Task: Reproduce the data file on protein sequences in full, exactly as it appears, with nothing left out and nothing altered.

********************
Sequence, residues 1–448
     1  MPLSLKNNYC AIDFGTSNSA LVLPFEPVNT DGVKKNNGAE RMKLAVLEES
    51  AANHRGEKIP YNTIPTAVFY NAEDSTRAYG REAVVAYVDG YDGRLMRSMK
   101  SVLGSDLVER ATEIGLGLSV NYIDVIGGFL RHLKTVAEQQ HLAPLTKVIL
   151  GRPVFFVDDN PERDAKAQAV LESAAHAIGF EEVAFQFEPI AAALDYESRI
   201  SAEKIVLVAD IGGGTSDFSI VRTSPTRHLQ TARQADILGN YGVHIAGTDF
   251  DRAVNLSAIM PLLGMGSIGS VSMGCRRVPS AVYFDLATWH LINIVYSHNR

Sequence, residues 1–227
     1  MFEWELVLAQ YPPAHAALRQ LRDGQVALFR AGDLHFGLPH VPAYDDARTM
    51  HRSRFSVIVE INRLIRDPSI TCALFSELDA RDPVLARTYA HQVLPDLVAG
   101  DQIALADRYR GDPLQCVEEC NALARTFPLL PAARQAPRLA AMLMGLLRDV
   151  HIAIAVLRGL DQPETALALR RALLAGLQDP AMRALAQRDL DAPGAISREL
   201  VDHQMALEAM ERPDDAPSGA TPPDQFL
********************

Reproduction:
Sequence, residues 1–448
     1  MPLSLKNNYC AIDFGTSNSA LVLPFEPVNT DGVKKNNGAE RMKLAVLEES
    51  AANHRGEKIP YNTIPTAVFY NAEDSTRAYG REAVVAYVDG YDGRLMRSMK
   101  SVLGSDLVER ATEIGLGLSV NYIDVIGGFL RHLKTVAEQQ HLAPLTKVIL
   151  GRPVFFVDDN PERDAKAQAV LESAAHAIGF EEVAFQFEPI AAALDYESRI
   201  SAEKIVLVAD IGGGTSDFSI VRTSPTRHLQ TARQADILGN YGVHIAGTDF
   251  DRAVNLSAIM PLLGMGSIGS VSMGCRRVPS AVYFDLATWH LINIVYSHNR

Sequence, residues 1–227
     1  MFEWELVLAQ YPPAHAALRQ LRDGQVALFR AGDLHFGLPH VPAYDDARTM
    51  HRSRFSVIVE INRLIRDPSI TCALFSELDA RDPVLARTYA HQVLPDLVAG
   101  DQIALADRYR GDPLQCVEEC NALARTFPLL PAARQAPRLA AMLMGLLRDV
   151  HIAIAVLRGL DQPETALALR RALLAGLQDP AMRALAQRDL DAPGAISREL
   201  VDHQMALEAM ERPDDAPSGA TPPDQFL